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European stocks dropped after the Federal Reserve trimmed bond buying for a second straight meeting and a Chinese manufacturing report indicated the first contraction in six months. Asian shares slid, while U.S. stock-index futures rose.
Roche Holding AG, the world’s biggest maker of cancer drugs, fell 1.8 after posting profit that fell short of analysts’ projections. Diageo Plc lost 4.2 percent after the world’s biggest distiller reported first-half profit growth that missed estimates. Givaudan SA jumped 5.8 percent after posting full-year net income that beat analyst estimates.
The Stoxx Europe 600 Index lost 0.4 percent to 320.98 at 8:22 a.m. in London. Standard & Poor’s 500 Index (SPX) futures gained 0.2 percent, while the MSCI Asia Pacific Index declined 1.6 percent.
“Anyone speculating the Fed would hold off from tapering has been sorely disappointed and frankly they need to listen to the Fed,” Chris Weston, chief market strategist at IG Ltd. in Melbourne, wrote in an e-mail. “China is also another real concern. The bears are getting louder and louder.”
The Stoxx 600 declined 0.6 percent yesterday as the Turkish central bank’s interest-rate increases failed to support emerging-market currencies.
The Federal Open Market Committee said yesterday it will cut monthly bond purchases by $10 billion to $65 billion, sticking to a plan for a gradual withdrawal from its unprecedented monetary easing. It was the first meeting without a dissent since June 2011. The Fed reiterated that it will probably hold its target interest rate near zero “well past the time” that unemployment falls below 6.5 percent.
A report at 8:30 a.m. New York time may show the U.S. economy expanded at a 3.2 percent annualized rate in the fourth quarter, according to the median forecast of economists in a Bloomberg survey. The projected gain in gross domestic product, the value of all goods and services produced, would follow a 4.1 percent increase, completing the strongest six months in almost two years.
Separate data will probably show that more Americans filed applications for jobless benefits in the week ended Jan. 25 and that pending home sales dropped last month, the estimates show.
In Germany, a report may show that the unemployment rate was at 6.9 percent this month. Euro-area data will probably confirm that consumer confidence was at minus 11.7 in January.
A Chinese manufacturing gauge signaled the first contraction since July. A Purchasing Managers’ Index fell to 49.5 this month from 50.5 in December, HSBC Holdings Plc and Markit Economics said in a statement. The reading compared with the median 49.6 estimate in a Bloomberg News survey of 14 economists. A number below 50 indicates contraction.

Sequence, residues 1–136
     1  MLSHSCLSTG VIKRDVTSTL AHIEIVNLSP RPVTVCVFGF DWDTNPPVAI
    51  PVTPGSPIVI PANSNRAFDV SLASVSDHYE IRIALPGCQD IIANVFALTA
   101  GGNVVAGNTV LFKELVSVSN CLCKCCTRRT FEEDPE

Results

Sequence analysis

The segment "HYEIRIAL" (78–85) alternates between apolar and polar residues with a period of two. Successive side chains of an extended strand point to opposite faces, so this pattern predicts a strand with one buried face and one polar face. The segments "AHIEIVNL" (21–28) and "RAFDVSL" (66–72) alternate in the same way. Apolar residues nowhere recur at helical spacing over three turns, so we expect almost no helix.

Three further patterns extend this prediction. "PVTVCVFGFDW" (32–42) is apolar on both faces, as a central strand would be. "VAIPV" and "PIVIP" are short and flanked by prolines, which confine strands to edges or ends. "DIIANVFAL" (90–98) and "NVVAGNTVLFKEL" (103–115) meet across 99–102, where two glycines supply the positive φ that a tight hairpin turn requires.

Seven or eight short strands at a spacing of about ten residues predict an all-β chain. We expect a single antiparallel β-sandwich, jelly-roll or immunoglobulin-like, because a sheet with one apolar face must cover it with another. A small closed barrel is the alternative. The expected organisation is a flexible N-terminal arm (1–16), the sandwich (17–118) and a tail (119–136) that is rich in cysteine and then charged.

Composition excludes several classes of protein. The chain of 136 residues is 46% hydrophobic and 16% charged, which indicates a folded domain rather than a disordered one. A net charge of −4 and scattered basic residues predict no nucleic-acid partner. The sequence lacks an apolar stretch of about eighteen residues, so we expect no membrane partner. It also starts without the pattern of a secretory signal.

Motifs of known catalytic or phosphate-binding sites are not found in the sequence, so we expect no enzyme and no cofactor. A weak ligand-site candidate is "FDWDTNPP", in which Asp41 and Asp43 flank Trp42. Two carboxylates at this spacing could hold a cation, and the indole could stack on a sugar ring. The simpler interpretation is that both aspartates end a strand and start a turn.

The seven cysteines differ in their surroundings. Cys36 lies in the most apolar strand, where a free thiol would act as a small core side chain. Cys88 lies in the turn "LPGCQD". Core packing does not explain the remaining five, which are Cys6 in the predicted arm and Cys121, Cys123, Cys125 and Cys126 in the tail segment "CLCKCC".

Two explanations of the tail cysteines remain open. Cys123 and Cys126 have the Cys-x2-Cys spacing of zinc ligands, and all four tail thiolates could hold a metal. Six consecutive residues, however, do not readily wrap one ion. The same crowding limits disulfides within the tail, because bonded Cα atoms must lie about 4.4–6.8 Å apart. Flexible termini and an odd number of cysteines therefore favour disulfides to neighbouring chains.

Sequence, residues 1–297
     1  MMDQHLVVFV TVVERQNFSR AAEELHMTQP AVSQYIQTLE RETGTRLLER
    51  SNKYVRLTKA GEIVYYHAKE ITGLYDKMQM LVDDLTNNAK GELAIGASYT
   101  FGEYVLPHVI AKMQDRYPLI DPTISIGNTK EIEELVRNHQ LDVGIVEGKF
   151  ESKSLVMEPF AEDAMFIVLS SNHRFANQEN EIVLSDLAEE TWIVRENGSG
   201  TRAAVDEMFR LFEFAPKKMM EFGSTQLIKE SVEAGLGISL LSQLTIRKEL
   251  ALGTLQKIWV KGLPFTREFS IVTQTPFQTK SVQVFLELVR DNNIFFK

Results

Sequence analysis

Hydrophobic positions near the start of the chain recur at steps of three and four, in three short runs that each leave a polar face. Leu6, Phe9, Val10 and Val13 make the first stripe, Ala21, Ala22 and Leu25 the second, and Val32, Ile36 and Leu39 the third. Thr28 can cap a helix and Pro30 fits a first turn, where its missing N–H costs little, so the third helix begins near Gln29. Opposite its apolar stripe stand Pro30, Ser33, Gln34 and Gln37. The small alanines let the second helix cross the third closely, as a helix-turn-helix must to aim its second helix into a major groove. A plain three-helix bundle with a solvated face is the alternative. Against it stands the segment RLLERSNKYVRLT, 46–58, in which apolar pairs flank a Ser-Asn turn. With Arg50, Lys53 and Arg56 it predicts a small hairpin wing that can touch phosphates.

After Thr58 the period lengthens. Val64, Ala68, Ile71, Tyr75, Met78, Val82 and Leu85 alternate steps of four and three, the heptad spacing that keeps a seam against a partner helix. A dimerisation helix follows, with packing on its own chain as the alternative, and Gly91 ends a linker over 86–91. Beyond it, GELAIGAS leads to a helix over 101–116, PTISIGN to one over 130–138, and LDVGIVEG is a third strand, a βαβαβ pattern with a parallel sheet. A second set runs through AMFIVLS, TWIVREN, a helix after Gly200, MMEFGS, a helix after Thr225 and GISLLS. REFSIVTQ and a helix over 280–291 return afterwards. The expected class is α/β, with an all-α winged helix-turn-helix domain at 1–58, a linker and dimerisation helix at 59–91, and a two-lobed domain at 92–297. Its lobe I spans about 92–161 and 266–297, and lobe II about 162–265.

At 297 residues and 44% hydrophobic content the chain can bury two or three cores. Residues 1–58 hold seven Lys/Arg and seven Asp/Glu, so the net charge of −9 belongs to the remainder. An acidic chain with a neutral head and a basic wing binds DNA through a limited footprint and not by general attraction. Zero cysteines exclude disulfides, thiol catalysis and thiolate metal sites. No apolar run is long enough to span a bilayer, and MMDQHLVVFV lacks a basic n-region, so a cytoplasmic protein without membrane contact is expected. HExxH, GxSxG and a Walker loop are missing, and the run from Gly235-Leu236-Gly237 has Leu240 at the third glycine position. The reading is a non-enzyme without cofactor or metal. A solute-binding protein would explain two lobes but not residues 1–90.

Roche (ROG) fell 1.8 percent to 234.80 Swiss francs. The company said earnings per share excluding some items were 14.27 francs, below the 14.78-franc average analyst estimates in a Bloomberg survey. Roche said net income last year gained 18 percent to 11.4 billion francs ($12.7 billion).
Diageo lost 4.2 percent to 1,830.5 pence. Earnings before interest and tax excluding some items rose 2.9 percent on a so-called organic basis in the six months through December. That’s less than the median 4.9 percent increase that analysts had estimated.
Hennes & Mauritz AB (HMB), Europe’s second-biggest clothing retailer, dropped 2.7 percent to 279.60 kronor. The company reported fourth-quarter profit of 5.61 billion kronor ($869 million), compared with the average analyst projection of 6 billion kronor.
Banco Santander SA lost 0.9 percent to 6.33 euros. Spain’s biggest bank said fourth-quarter earnings rose to 1.06 billion euros ($1.44 billion), missing the average analyst projection of 1.2 billion euros. The lender’s bad loans increased to 5.64 percent from 5.43 percent in the previous quarter.
Givaudan (GIVN) climbed 5.8 percent to 1,335 francs. The world’s largest maker of flavors and fragrances said 2013 net income was 490 million francs, exceeding the 464.5 million-franc analyst projection. The company also said it plans to pay out a dividend of 47 francs a share, beating the Bloomberg Dividend Forecast of 42 francs.
Ericsson AB (ERICB) rose 4 percent to 80.50 kronor. The world’s largest maker of wireless networks reported reported fourth-quarter net income of 6.41 billion kronor ($990 million), after a loss a year earlier. Analysts predicted 7.22 billion kronor on average, according to an SME Direkt survey. Sales were about the same at 67 billion kronor, trailing the average estimate of 69.2 billion kronor.
Chief Executive Officer Hans Vestberg told directors he has no plans to step down following reports that he is among candidates to succeed Microsoft Corp.’s Steve Ballmer, according to a person familiar with the matter.
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